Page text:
Model the various caps of file storage: 10mb (current), 50mb, 100mb, 500mb or 1gb.
Use the read-replica to figure out how many submission records exist with uploaded files.
Group that by month to get a rough idea of growth rate of file uploads.
Multiply that number by 10MB, 100MB, etc. to get an idea of total size at these different levels.
Understand what our file-retention policy is for ORA uploads, if any.
Incorporate this into the rough model developed above.
Verify the truth of the statements below:
For instance, we have a restriction at the nginx layer that files uploaded to edX systems cannot be larger than 20MB.
May need to discuss how to support multi-part file upload in LMS if we’re supporting much larger file uploads (i.e. > 50MB)
The current ORA2 upload workflow seems to be:
The client-side asks the XBlock/python backend for a URL to upload file contents to.
The XBlock method produces such a URL, which is a generated S3 URL in production.
The client takes this URL and submits a PUT request to it, along with the file contents.
Notice that nowhere in the above steps do we upload a file through an edX nginx instance - so that hard, system-wide cap may not actually apply in this use-case.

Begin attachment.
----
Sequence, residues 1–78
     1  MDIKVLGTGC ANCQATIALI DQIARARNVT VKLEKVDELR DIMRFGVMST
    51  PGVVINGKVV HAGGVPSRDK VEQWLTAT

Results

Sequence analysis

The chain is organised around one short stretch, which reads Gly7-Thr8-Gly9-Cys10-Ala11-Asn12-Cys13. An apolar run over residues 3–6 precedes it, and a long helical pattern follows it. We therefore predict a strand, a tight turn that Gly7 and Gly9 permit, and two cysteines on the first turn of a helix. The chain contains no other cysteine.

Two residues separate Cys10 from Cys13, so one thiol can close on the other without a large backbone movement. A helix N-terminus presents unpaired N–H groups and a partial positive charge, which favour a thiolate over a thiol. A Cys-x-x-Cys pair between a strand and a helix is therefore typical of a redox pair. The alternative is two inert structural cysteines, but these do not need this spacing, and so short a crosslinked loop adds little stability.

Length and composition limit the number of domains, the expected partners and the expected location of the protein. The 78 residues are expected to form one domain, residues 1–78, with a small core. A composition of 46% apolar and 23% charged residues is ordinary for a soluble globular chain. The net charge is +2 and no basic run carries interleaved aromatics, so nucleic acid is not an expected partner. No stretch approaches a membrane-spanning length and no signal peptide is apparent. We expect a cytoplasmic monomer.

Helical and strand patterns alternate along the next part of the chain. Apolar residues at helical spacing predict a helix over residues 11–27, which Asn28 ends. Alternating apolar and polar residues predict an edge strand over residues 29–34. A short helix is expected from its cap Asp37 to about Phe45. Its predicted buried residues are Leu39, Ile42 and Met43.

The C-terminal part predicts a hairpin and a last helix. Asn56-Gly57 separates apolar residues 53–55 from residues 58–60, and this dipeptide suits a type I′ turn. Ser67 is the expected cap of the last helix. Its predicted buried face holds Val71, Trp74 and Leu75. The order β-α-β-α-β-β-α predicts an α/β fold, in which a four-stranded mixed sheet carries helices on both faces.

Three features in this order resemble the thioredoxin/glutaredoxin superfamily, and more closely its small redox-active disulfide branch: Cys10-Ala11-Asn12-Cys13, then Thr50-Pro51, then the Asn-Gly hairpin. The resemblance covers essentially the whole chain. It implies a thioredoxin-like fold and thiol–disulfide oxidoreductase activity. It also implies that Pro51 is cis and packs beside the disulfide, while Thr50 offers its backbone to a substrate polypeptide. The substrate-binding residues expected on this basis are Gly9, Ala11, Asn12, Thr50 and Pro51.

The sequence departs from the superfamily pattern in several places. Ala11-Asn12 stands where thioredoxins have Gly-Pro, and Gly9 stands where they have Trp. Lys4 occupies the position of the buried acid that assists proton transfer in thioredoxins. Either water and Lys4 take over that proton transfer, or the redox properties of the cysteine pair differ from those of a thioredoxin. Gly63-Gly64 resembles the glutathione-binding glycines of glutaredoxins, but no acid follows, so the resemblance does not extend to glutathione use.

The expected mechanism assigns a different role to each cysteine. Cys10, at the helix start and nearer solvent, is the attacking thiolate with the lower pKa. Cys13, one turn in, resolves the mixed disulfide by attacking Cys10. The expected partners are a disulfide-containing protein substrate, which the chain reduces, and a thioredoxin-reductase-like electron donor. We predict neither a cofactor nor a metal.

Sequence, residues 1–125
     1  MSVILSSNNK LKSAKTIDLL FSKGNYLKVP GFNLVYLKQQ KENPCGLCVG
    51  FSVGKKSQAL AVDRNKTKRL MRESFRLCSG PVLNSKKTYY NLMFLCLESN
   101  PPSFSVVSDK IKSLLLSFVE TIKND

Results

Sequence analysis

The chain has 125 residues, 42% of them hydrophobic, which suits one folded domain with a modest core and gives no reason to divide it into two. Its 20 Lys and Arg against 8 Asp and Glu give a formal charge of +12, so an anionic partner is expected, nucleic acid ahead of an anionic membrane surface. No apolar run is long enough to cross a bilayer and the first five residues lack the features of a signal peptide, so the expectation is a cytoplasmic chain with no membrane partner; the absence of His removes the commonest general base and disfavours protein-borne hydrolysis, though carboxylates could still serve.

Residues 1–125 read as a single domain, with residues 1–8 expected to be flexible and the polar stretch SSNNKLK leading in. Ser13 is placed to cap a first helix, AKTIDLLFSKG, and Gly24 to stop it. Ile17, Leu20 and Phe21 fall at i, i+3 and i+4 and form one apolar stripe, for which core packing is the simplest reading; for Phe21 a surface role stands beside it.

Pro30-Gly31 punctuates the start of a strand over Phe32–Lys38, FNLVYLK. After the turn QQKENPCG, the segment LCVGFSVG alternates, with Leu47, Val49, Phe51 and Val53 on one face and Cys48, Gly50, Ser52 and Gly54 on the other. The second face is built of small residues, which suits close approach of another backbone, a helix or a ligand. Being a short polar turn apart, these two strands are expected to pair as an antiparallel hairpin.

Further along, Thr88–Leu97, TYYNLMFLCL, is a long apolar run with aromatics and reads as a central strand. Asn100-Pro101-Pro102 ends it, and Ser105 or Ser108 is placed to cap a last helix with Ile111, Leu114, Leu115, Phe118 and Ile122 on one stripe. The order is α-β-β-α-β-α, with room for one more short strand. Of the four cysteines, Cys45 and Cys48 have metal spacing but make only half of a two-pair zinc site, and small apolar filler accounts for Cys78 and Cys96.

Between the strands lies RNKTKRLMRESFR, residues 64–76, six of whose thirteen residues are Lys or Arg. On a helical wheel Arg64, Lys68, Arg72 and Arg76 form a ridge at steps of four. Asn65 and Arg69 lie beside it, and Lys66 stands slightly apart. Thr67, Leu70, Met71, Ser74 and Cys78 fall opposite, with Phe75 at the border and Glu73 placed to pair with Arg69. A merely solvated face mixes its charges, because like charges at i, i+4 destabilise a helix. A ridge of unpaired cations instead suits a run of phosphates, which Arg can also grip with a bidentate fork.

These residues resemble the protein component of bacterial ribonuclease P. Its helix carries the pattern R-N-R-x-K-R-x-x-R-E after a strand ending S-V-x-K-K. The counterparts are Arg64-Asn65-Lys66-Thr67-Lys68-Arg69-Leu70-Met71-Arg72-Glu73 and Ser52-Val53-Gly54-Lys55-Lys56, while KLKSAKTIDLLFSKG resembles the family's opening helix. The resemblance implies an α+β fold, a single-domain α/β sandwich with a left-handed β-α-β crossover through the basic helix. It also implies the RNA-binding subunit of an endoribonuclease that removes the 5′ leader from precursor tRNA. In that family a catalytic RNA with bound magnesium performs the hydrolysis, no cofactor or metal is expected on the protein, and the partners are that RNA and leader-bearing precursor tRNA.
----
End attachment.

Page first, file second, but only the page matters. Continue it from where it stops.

If we want to support “additive uploads” (as opposed to the “one-shot” uploads we currently support), we’ll need a way to query the file storage backend (S3 in production) for a set of key metadata to determine cumulative storage allocation for a given (student, ORA block). Provide definitive answers to the following questions:
Can we fetch S3 key metadata efficiently? That is, if a student has uploaded 17 items, do we need to do 17 different queries for S3 keys, or can we do one query on an appropriate key prefix?
Is there a compelling reason that we would store file metadata, including size, in a model outside of S3, so that we don’t have to ask S3 for this metadata? (An answer to this question is a nice-to-have, provided that the answer to the first question is “yes, we can efficiently query S3 key metadata”).